John Woof, 32, added petrol from his lawn-mower to the already-lit hot coals after they started to die down.
But he suffered horrific burns to his face, shoulder, arms, chest, stomach and left leg when the fumes ignited.
His frantic fiancee and friends immediately bathed him with water and wrapped his wounds in cling film.
Incredibly, no-one else – including at least seven children – were hurt.
John's fiancée, Naomi Molyneux, 22, from Bamber Bridge, Lancashire, told the local newspaper: "I was just about to go inside the house to make my neighbour's kids a drink and I saw it blow up.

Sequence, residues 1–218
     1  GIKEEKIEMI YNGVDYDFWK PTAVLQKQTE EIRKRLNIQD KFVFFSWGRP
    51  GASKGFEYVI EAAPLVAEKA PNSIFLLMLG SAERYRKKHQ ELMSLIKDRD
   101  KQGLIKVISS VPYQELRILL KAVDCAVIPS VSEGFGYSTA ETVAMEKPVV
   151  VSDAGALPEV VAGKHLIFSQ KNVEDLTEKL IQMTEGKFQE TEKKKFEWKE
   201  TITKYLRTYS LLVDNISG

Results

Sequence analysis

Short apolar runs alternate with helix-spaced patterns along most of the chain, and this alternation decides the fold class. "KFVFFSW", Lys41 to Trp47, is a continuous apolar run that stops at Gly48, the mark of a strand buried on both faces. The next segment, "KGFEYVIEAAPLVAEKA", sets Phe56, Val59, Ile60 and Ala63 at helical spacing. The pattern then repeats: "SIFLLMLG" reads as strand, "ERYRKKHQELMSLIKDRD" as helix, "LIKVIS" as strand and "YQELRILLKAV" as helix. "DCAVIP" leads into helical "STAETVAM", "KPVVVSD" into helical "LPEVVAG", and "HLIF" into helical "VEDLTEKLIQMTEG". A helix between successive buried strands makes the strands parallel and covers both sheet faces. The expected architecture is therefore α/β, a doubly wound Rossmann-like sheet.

"I noticed his chest first, and then I got him inside and soaked him in towels on his face and chest and hand, before running him a cold bath and kept pouring cold water over him.
"I work in a nursing home, so I knew to do that and I rang one of my friends who is a qualified nurse, and she said to put cling film on him.
"It was horrible, it just seemed to blow up into a big flame."
Lancashire Fire and Rescue Service watch manager Steve Boyne said: "This highlights the dangers of igniting barbecues.
"People should only use the correct items for igniting.
"Clearly petrol is not the right fluid to be using. I think the barbecue was already lit but he wanted to get it going better so he lobbed petrol on it."
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